RADIANCE Rocketship romance
Some writers aren’t interested in the easy route. Catherynne M Valente may have gained big success via her Fairyland series of children’s books, but her adult fiction has always been ornate, weird and seriously demanding. Her latest effort is no exception, and is likely to be one of 2016’ s most distinctive genre novels – even if that distinctiveness isn’t always an advantage.
Radiance is set in a retrofuturistic remix of the classic era of Hollywood, a pulp SF- influenced version of the early 20th century where the solar system has been colonised, and movie stars glide between the planets on Art Deco rocketships. The story follows the disappearance of famed documentary filmmaker Severin Unck, and explores her life and loves through a variety of sources, including archive film clips, interview transcripts and magazine articles.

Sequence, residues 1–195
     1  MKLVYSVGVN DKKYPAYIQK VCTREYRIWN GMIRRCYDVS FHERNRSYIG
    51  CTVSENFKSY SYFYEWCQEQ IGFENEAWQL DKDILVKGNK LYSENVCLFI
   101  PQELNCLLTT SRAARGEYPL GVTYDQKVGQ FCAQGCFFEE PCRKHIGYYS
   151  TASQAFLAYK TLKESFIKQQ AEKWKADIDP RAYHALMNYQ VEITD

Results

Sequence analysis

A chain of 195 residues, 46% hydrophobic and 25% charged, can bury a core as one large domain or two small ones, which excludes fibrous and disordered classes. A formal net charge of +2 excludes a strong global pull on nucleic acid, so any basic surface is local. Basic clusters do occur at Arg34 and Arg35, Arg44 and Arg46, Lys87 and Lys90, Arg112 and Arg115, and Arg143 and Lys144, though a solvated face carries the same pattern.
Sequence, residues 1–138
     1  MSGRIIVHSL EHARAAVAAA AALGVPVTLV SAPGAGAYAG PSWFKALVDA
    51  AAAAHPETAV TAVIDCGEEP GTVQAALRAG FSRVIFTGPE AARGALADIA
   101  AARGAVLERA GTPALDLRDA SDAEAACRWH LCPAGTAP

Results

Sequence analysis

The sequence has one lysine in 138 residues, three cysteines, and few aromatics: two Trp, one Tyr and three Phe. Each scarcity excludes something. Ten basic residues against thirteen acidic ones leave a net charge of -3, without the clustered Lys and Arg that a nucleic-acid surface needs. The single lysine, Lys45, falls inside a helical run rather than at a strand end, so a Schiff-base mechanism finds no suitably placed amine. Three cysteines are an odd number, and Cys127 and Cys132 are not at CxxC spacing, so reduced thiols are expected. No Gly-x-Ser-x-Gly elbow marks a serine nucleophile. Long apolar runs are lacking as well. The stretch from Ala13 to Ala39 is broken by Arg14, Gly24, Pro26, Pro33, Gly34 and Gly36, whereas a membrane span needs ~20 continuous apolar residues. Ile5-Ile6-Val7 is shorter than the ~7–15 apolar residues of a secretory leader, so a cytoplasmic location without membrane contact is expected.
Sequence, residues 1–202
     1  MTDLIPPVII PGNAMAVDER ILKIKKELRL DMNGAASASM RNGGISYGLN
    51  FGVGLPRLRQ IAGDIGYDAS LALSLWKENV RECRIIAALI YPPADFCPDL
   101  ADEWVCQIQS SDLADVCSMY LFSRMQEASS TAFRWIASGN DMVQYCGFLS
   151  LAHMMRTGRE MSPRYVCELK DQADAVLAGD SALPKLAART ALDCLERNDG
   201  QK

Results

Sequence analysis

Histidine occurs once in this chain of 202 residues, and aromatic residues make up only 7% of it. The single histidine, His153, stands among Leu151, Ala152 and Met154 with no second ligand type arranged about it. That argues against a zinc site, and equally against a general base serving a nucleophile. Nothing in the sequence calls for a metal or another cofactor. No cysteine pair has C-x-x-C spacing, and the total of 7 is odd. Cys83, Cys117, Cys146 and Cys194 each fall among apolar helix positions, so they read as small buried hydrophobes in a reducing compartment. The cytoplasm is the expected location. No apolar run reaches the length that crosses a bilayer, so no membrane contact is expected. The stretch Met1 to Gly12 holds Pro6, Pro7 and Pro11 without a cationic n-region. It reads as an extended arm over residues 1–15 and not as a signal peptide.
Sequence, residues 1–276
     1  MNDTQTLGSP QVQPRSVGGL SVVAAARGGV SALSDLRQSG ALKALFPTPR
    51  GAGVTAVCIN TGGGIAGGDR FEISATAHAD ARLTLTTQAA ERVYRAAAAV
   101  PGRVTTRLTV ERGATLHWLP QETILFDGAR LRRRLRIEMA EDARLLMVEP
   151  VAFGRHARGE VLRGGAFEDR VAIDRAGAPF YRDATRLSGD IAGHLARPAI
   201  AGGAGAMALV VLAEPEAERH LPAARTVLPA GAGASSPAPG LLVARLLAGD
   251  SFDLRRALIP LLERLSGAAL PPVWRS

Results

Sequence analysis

The whole book is presented in this “found footage” style – although the effect ends up both bewildering and exhausting. Among all the metafictional game- playing, Valente has crafted beautiful imagery and packed every page with breathtaking invention, but Radiance’s fragmented narrative ultimately leaves it easier to admire than to enjoy. Saxon Bullock
One of Valente’s influences for the central character was Drew Barrymore, as the daughter of a Hollywood family.